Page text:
The weather was a bit iffy. It started to rain as soon as I got there, and showers were frequent during the first hour. Fortunately, as reinforcements (Dave) arrived, the weather turned calmer for the next hour, after which the southerly wind increased in strength.

The trick to a successful day list is to look out for birds you might miss. I gradually ticked off these missable birds; three Collared Doves, a Kestrel, three Herring Gulls, Green Woodpecker, three Marsh Tits, two Coal Tits, Nuthatch, three Stonechats, a Cormorant, and with Dave's assistance a female Brambling.

We decided to head along the road because I knew a pair of Mistle Thrushes had been present in the hamlet. Sadly there was no sign of them, although we did see at least a dozen Lesser Redpolls. Also absent was the Tawny Owl (I should have gone before dawn).

We reached the pool where the recent rain has doubled the surface area, and in response a flock of Canada and Greylag Geese now jostled with Mallard, Teal, and Wigeon for space. Fantastic. They all flew off before I could get the camera out, but during the day I saw them several more times and came up with counts of 112 Canada Geese, 95 Greylag Geese, 35 Teal, 50 Mallard, and five Wigeon.

By now we were up to 55 species and still had the Flash field to look at. This was to prove a disappointment, with just 22 Snipe, and no Green Sandpipers.

We reached 57 species and started walking back along a hedge containing a hundred thrushes (Fieldfares and Redwings) and at least 30 Siskins. Among them we spotted a single Mistle Thrush. A little later on we spotted some very distant Black-headed Gulls, while our last tick of the morning was also our best, as four Golden Plovers flew over Bannams Wood, only my second record of the year.

I headed home for lunch thinking I was on 62 (I was actually on 61 species.)

At 3.30pm, shopping done, I returned in drizzly condition to try to add to the list. The light was terrible, but after a couple of hours I had seen a Green Sandpiper at the pool, and heard a Treecreeper in Stapenhill Wood.

My final total was 63 species, better than I thought. Missing from the list was Grey Wagtail, Lapwing, and any species of Owl. You never see everything.

Thursday, 5 November 2015

Thursday November 5

Another mild cloudy morning with a threat of rain. A light southerly breeze.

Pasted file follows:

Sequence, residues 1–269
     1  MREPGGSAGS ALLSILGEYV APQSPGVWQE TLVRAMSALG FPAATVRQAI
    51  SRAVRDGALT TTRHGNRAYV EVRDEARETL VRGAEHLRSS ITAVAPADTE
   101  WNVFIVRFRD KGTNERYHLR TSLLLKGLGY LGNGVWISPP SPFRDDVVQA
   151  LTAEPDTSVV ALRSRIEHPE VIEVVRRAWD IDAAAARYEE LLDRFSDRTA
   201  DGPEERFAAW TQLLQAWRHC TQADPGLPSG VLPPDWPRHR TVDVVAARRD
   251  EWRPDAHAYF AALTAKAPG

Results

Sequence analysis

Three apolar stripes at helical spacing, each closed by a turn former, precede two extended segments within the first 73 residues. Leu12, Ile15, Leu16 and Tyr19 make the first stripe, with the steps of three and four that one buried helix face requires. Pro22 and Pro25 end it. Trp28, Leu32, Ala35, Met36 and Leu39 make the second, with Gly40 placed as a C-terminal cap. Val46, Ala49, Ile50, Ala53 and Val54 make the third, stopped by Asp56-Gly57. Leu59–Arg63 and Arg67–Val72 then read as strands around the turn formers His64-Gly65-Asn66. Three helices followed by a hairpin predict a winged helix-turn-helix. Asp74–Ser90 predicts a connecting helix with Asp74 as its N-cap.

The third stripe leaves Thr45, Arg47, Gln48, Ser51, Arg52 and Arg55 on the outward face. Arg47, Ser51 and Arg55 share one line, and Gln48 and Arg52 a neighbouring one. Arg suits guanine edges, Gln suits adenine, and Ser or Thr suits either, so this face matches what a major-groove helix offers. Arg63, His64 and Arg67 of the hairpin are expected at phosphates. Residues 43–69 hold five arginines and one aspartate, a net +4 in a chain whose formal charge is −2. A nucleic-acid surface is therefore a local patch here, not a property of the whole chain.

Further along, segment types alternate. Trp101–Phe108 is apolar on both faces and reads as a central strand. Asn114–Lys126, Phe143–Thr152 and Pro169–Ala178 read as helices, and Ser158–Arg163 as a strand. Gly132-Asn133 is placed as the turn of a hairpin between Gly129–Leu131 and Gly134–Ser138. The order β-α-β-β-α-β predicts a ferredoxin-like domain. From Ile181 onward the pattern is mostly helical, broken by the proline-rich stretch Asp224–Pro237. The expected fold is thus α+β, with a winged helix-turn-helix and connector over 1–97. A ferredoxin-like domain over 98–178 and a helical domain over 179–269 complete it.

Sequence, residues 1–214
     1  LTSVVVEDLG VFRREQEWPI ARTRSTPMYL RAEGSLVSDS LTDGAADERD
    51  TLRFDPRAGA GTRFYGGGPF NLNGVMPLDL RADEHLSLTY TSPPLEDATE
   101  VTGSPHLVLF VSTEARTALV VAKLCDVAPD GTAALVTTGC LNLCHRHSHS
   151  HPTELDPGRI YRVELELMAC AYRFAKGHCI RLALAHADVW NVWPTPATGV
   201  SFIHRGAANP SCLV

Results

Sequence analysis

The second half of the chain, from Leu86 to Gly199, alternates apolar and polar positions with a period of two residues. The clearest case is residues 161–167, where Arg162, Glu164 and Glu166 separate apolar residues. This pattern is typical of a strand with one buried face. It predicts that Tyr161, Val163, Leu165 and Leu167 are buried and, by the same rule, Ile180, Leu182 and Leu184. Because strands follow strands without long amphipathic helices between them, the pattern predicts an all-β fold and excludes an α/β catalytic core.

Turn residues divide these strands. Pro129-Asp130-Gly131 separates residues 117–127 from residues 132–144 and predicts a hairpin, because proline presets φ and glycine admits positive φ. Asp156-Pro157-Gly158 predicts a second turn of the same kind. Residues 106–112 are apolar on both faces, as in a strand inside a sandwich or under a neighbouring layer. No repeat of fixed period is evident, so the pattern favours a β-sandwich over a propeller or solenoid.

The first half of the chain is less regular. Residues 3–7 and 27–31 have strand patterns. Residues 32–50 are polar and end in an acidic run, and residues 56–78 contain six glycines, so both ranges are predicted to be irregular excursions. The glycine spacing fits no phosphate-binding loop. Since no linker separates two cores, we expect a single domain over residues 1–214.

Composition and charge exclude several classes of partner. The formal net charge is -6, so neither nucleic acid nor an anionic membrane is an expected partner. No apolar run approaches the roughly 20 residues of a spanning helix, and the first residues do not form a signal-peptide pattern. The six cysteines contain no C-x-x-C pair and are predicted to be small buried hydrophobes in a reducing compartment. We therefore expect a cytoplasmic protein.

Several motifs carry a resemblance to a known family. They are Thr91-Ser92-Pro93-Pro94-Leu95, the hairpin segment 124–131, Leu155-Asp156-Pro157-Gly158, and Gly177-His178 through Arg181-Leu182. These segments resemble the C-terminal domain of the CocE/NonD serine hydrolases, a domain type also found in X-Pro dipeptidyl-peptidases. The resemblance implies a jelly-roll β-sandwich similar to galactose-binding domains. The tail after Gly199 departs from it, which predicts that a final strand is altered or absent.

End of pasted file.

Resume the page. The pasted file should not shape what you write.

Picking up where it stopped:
My circuit this morning took in the usual finch hot spots, finding the male Brambling in a tree containing 100 Linnets and a few other finch species. The area was frequently crossed by small parties of Redwings and Fieldfares which kept me scanning the skies.

One of these scans picked up two gulls heading south, but they did not look like the usual sort we get here. They were in fact a pair of adult Common Gulls, not common at all in these parts.

Common Gulls
Not the most exciting year-tick, but they all count.

The puddle is starting to expand, and may yet become transformed into the pool. In the meantime it did at least attract a pair of Wigeons among a small group of Teal and Mallard.

male Wigeon
At the flash field the Teal and Snipe had further increased their numbers, now 31 Teal and 66 Snipe, along with two Green Sandpipers. At this point the rain arrived, and I headed back in heavy drizzle (not ideal for the spectacle wearing birdwatcher).

Fortunately it abated after twenty minutes, but I could find any birds to set my pulse racing, and had to settle for photographing a couple of yellow field cap toadstools.

My Collins guide suggests they may be Conocybe tenera, a species which is fairly widespread and occurs in fields.

Sunday, 1 November 2015

Sunday November 1

The forecast fog was dispersing as I arrived, and by the time Dave appeared we were faced with the prospect of a bright morning and a very light southerly breeze.

We quickly located a pair of Stonechats at Netherstead, unusually one was quite vocal. There seemed to be a lot of finches about, in particular at the south end. We therefore drove down the track and scanned the Linnets and Redpolls on the wires and in the hedges. Among them we found a year tick, a female Brambling. Hallelujah.

It was difficult to estimate the numbers of each finch species present because the flock was mixed and  mobile, but I would say there were about 200 Linnets, at least 25 Redpolls, about a dozen Greenfinches, about 20 Chaffinches and a similar number of Goldfinches. We later discovered a second Brambling, this time a male.

Later in the morning a bank of fog rolled in, and by the time we got to the Flash field, its occupants were ghostly apparitions in the mist. We nevertheless counted 61 Snipe, four Green Sandpipers, eight Teal, and five Lapwings.

After failing to kick up any unusual species from the strip field we ended back at Netherstead were the female Stonechat was still present.

Arguably the most remarkable aspect of the day was the fact that we didn't see a single raptor, the lack of Kestrels being particularly surprising.